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Chinese Economic Growth: Sources And Prospects

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  • Wing Thye Woo

Abstract

China's impressive growth is rooted in the liberalization of a surplus labor economy that has a high saving rate. The reallocation of surplus agriculture labor to industry and service sectors generates a growth effect that shows up in total factor productivity (TFP) growth. Net TFP, the resulting residual, contains the true measure of technological progress (among other effects). Taking account of mismeasurement problems, especially of value added in the industry sector, I calculated a plausible range of estimates for each source of growth. My point estimates for each of their contribution to the average annual 9.3 percent growth rate in the 1979-93 period growth rate in the 1985-93 subperiod are, respectively: 1979-93 1985-93 4.9 5.5 percentage points from capital accumulation 1.3 1.1 percentage points from labor force expansion. 1.1 1.3 percentage points from reallocation of labor from agriculture 0.2 0.3 percentage points from inconsistent use of base prices, 0.5Ð0.7 0.9Ð1.2 percentage points from overstatement of industrial growth, 1.1-1.3 0.3Ð0.6 percentage points from net TFP growth.

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Paper provided by California Davis - Department of Economics in its series Department of Economics with number 96-08.

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Handle: RePEc:fth:caldec:96-08

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Cited by:
  1. Sylvie Demurger & Jeffrey D. Sachs & Wing Thye Woo & Shuming Bao, Gene Chang & Andrew Mellinger, 2002. "Geography, Economic Policy, and Regional Development in China," NBER Working Papers 8897, National Bureau of Economic Research, Inc.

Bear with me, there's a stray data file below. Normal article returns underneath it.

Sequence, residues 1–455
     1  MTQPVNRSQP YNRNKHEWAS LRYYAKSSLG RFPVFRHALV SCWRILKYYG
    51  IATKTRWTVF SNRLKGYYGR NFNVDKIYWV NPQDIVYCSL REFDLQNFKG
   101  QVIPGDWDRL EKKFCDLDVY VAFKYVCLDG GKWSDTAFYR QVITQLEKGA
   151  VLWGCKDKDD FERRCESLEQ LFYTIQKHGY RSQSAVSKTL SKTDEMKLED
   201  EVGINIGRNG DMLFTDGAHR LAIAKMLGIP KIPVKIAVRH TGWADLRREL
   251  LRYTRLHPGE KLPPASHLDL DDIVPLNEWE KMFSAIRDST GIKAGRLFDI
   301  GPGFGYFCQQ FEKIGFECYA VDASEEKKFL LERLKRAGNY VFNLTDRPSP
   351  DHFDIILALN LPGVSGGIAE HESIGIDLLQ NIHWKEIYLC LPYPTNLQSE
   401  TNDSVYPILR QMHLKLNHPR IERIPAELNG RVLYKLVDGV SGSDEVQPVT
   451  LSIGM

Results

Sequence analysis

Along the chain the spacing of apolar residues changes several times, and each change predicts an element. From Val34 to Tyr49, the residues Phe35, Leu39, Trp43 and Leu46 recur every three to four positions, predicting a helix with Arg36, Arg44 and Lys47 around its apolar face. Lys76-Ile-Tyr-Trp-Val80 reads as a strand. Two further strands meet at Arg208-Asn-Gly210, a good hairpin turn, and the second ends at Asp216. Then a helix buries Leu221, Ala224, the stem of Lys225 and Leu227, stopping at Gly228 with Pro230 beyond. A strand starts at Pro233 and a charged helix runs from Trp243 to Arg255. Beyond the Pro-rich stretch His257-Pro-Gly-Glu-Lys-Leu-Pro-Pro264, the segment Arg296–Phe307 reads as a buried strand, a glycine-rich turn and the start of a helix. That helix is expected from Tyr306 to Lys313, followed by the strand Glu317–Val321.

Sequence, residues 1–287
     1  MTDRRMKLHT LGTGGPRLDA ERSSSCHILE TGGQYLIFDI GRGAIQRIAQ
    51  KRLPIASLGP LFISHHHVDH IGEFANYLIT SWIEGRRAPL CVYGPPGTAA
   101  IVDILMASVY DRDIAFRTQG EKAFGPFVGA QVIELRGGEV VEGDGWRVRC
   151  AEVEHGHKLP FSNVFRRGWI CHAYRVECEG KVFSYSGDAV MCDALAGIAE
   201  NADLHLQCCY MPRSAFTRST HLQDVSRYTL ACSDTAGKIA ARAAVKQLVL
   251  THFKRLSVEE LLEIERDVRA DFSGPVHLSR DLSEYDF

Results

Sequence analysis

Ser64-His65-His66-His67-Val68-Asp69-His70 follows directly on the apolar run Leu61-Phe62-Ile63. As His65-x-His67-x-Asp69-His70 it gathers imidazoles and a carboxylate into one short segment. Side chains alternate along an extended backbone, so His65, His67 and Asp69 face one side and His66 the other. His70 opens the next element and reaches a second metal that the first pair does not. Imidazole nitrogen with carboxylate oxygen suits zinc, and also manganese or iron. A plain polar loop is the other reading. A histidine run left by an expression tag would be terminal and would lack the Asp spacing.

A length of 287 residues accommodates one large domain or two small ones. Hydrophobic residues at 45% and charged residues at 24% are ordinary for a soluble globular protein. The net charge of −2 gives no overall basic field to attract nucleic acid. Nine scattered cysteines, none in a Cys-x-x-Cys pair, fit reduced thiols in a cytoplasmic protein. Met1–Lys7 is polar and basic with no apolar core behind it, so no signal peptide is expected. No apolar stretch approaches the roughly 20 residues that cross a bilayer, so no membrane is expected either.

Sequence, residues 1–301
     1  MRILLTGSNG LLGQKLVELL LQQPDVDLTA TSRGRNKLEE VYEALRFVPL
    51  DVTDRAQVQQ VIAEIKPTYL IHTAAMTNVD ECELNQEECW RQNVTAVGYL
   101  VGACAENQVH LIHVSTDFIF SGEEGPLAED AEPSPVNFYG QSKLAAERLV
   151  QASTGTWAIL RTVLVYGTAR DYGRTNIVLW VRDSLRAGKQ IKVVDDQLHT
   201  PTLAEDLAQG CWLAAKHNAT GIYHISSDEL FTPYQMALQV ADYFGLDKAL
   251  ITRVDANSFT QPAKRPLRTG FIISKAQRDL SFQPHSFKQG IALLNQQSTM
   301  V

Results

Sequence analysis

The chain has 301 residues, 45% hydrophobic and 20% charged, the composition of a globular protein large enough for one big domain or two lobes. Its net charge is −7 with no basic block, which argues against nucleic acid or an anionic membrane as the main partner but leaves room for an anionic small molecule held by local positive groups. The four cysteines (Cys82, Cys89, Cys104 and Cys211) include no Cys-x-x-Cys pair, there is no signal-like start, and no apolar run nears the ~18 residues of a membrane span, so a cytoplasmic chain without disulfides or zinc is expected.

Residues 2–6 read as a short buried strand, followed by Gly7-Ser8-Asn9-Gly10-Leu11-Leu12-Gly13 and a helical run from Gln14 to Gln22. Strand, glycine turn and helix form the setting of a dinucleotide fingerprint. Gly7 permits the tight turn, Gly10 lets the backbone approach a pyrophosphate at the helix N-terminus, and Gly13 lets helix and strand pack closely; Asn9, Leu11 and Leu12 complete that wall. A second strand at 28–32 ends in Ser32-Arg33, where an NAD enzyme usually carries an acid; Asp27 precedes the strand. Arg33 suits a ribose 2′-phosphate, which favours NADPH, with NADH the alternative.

2. Jeffrey D. Sachs & Wing Thye Woo, 1997. "Understanding China's Economic Performance," NBER Working Papers 5935, National Bureau of Economic Research, Inc.
  3. Dollar, David & Kraay, Aart, 2005. "Neither a borrower nor a lender : does China's zero net foreign asset position make economic sense?," Policy Research Working Paper Series 3801, The World Bank.
  4. Richard G. Harris & Peter E. Robertson & Jessica Y. Xu, 2011. "The International Effects of China’s Growth, Trade and Education Booms," The World Economy, Wiley Blackwell, vol. 34(10), pages 1703-1725, October.
  5. Barry Bosworth & Susan M. Collins, 2008. "Accounting for Growth: Comparing China and India," Journal of Economic Perspectives, American Economic Association, vol. 22(1), pages 45-66, Winter.
  6. Meng, Xin & Zhang, Dandan, 2010. "Labour Market Impact of Large Scale Internal Migration on Chinese Urban 'Native' Workers," IZA Discussion Papers 5288, Institute for the Study of Labor (IZA).
  7. Bloom, David E. & Canning, David & Hu, Linlin & Liu, Yuanli & Mahal, Ajay & Yip, Winnie, 2010. "The contribution of population health and demographic change to economic growth in China and India," Journal of Comparative Economics, Elsevier, vol. 38(1), pages 17-33, March.
  8. Xiang Ao & Lilyan E. Fulginiti, 2005. "Productivity Growth in China: Evidence from Chinese Provinces," Development and Comp Systems 0502024, EconWPA.
  9. Wong Hock Tsen, 2006. "Granger causality tests among openness to international trade, human capital accumulation and economic growth in China: 1952-1999," International Economic Journal, Taylor & Francis Journals, vol. 20(3), pages 285-302.
  10. Warwick J. McKibbin & Wing Thye Woo, 2003. "The Consequences of China's WTO Accession on its Neighbors," Departmental Working Papers 2003-17, The Australian National University, Arndt-Corden Department of Economics.
  11. Woo, Wing Thye, 2001. "Recent claims of China's economic exceptionalism: Reflections inspired by WTO accession," China Economic Review, Elsevier, vol. 12(2-3), pages 107-136.
  12. Harry X. Wu, 2006. "The Chinese GDP Growth Rate Puzzle: How Fast Has the Chinese Economy Grown?," Hi-Stat Discussion Paper Series d06-176, Institute of Economic Research, Hitotsubashi University.

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